The famous Indian dish Balti (Baltz) is lamb or goat curry meat cooked in a wok – “Balti bowl”. The dish was first served at Adil’s Restaurant on Stony Lane in the Sparkbrook neighborhood in 1977. Balti restaurants are often referred to in Birmingham as “Balti houses,” and there are now about a hundred of them in the city. Some belts houses have a glass plate on the table with a menu fixed underneath. Bălți houses usually offer large pieces of karak naan bread to share with the entire table. The food and its style of serving proved very popular in the 1980s, these days the famous Balti Triangle attracts more than 20,000 visitors a week. This Indian food has become a favorite dish in Britain, and beyond that, in Ireland, New Zealand and Australia. And the curry market in Britain is worth a whopping £4 billion a year!

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18. The second most Michelin-starred restaurants in Britain.

There are five Michelin-starred restaurants in Birmingham – more than anywhere else in the UK except London.

19. 5th busiest McDonald’s in the world.

Birmingham is home to the 5th busiest McDonald’s in the world and one of the first McDonald’s to open on Christmas Day.

20. The 2nd largest confectionery manufacturer in the world.

Cadbury, located in the Bournville area, is the nation’s favorite chocolate manufacturer and has become the second-largest confectionery manufacturer in the world. The company was formed in Birmingham in 1824 by John Cadbury. Now in Birmingham, there is a museum, Cadbury’s World, which introduces visitors not only to the products, but also to the process of making it.

It should be noted that not only Cadbury chocolate originated in Birmingham, but also other well-known food brands in the world. These are Bournville drinking chocolate, Typhoo tea, HP Sauce (brown sauce, the main ingredients of which are tomatoes and tamarind extract) and Bird’s Custard (powdered custard without eggs).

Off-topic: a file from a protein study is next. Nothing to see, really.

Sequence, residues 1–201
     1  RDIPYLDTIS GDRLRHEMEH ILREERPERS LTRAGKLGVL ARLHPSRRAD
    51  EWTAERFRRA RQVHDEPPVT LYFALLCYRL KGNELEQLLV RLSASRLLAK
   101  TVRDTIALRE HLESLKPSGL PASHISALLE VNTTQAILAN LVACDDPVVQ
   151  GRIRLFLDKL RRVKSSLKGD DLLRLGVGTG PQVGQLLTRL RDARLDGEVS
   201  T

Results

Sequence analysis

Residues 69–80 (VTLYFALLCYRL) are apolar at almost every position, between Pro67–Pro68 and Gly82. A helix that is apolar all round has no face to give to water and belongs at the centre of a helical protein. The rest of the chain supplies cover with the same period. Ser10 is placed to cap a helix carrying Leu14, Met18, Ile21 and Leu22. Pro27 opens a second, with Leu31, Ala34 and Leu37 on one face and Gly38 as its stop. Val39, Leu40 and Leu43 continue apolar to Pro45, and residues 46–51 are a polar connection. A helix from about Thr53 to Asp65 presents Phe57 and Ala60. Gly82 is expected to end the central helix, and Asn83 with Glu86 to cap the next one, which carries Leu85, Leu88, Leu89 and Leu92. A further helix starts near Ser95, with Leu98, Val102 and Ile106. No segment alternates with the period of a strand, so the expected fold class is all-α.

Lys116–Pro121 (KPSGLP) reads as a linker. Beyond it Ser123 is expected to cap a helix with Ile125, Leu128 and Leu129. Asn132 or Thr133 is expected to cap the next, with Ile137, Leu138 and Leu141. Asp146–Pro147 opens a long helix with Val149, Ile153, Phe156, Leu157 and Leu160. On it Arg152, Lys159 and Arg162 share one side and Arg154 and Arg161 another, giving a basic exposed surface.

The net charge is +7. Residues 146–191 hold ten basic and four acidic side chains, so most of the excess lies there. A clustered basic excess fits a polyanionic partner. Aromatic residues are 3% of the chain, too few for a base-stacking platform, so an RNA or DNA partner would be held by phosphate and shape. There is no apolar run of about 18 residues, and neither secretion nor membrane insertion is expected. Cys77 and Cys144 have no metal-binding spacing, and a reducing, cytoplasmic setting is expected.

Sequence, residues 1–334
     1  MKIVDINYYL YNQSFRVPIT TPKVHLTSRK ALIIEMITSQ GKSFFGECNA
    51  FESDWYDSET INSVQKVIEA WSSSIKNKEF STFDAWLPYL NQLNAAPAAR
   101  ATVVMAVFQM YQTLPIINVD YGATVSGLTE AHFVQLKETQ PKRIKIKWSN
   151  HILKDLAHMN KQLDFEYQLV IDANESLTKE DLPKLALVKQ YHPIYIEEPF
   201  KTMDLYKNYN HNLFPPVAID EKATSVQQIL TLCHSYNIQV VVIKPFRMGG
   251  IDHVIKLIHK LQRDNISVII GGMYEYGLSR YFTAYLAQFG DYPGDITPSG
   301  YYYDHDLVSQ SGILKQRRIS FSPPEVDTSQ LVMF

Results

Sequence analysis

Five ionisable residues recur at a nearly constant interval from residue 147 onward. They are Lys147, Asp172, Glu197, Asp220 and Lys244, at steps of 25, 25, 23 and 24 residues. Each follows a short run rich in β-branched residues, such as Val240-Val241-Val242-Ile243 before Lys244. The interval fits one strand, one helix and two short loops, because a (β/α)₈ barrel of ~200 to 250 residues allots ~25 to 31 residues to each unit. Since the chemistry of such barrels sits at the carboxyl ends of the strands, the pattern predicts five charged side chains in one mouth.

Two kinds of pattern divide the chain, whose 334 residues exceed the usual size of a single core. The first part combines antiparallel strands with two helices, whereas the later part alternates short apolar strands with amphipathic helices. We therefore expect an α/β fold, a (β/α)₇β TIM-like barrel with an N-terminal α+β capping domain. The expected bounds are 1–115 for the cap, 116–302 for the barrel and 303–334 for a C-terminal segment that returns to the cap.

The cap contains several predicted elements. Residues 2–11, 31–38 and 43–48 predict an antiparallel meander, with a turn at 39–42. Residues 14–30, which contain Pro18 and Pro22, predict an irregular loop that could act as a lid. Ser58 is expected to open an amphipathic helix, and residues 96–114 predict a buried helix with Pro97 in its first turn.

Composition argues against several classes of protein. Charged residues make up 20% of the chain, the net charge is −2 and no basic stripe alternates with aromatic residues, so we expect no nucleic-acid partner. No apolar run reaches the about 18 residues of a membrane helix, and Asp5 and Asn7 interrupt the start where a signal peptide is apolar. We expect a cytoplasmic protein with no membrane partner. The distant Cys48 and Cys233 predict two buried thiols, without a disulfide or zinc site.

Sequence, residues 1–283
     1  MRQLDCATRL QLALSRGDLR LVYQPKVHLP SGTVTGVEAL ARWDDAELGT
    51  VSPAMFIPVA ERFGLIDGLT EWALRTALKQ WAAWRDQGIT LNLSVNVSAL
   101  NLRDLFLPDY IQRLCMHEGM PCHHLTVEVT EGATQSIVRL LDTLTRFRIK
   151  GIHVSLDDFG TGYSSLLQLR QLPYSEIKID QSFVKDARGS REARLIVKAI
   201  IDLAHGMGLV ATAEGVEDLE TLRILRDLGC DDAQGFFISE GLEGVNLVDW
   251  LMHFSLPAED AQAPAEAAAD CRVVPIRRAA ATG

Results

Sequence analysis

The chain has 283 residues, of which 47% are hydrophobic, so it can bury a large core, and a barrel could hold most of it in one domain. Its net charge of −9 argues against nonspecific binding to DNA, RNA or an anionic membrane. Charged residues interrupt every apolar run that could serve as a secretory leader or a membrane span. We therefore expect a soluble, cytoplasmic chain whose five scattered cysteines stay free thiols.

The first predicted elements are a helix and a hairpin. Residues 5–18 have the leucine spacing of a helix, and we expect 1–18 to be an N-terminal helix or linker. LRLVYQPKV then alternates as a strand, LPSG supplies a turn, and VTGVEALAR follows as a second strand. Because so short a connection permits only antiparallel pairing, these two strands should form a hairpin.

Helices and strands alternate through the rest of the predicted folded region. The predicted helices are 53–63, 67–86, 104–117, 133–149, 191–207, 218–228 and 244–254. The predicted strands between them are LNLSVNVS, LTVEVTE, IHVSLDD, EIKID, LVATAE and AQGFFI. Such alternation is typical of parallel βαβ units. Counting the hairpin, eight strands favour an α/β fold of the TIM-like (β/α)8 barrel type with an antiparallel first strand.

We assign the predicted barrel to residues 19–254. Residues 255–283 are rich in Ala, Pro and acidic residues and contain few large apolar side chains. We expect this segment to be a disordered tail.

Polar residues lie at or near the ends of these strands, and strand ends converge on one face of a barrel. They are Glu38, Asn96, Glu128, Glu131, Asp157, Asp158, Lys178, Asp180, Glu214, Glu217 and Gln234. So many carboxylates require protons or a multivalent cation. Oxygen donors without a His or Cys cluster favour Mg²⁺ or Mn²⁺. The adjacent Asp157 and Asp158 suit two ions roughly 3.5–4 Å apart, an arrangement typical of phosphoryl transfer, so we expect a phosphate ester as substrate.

Birmingham Facts of Interest: Cadbury is the second largest confectionery manufacturer in the world.

Interesting facts about Birmingham as a world leader in science and medicine.

21. Birmingham is the home of great scientists and inventors.

Birmingham was home to some of the greatest scientists and inventors of the industrial era, including Matthew Boulton, James Watt, and William Murdoch, making Birmingham the first industrial city in the world.

Birmingham engineer William Murdoch first discovered gas lighting back in 1792. Originally from Scotland, Murdoch walked more than 300 miles from Scotland to Birmingham to begin working with steam engine manufacturer James Watt. He pioneered the widespread installation of gas street lighting. Birmingham’s first street with gas lighting became known as Gas Street in 1818.

Birmingham chemist Joseph Priestley discovered oxygen in 1774

In 1854, Birmingham chemist Thomas Allcock invented a plaster bandage for broken bones.

The first surgery to remove a hole in the heart was performed in 1950 at Birmingham Children’s Hospital, a world-renowned pediatric specialty center.

22. There are five universities in Birmingham.

They include the University of Birmingham, Aston University, Birmingham City University, Newman University, and University College of Birmingham.

University of Birmingham.

For reference:

Interesting Fact #1: Birmingham, Alabama, USA, is named for Birmingham, UK.

During the Reconstruction era after the Civil War, three farm towns merged into one large city. The city’s founders named it after Birmingham, UK, one of the world’s leading industrial cities. Like its namesake, the city developed into a major industrial center based on iron and steel and railroads, and most of the first settlers were of English descent.

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Interesting Fact #2: Birmingham, UK, is 700+ years older than Birmingham, Alabama, USA.

The American city was founded in 1871, whereas the original Birmingham was officially founded in 1166, although the Beorming tribes settled in the area and named it “Beormingham” in 600 AD.

Birmingham was officially founded in 1166.

We hope, dear friends, that our post “Interesting facts about Birmingham, England”, a wonderful English city, will excite your desire to go on a trip to England with the obligatory visit to Birmingham. While getting ready to go, don’t forget to book flights and hotels at your destination in advance. Especially now it’s easy to do directly ON OUR SITE! Don’t miss your chance, it’ll save you effort, time and money!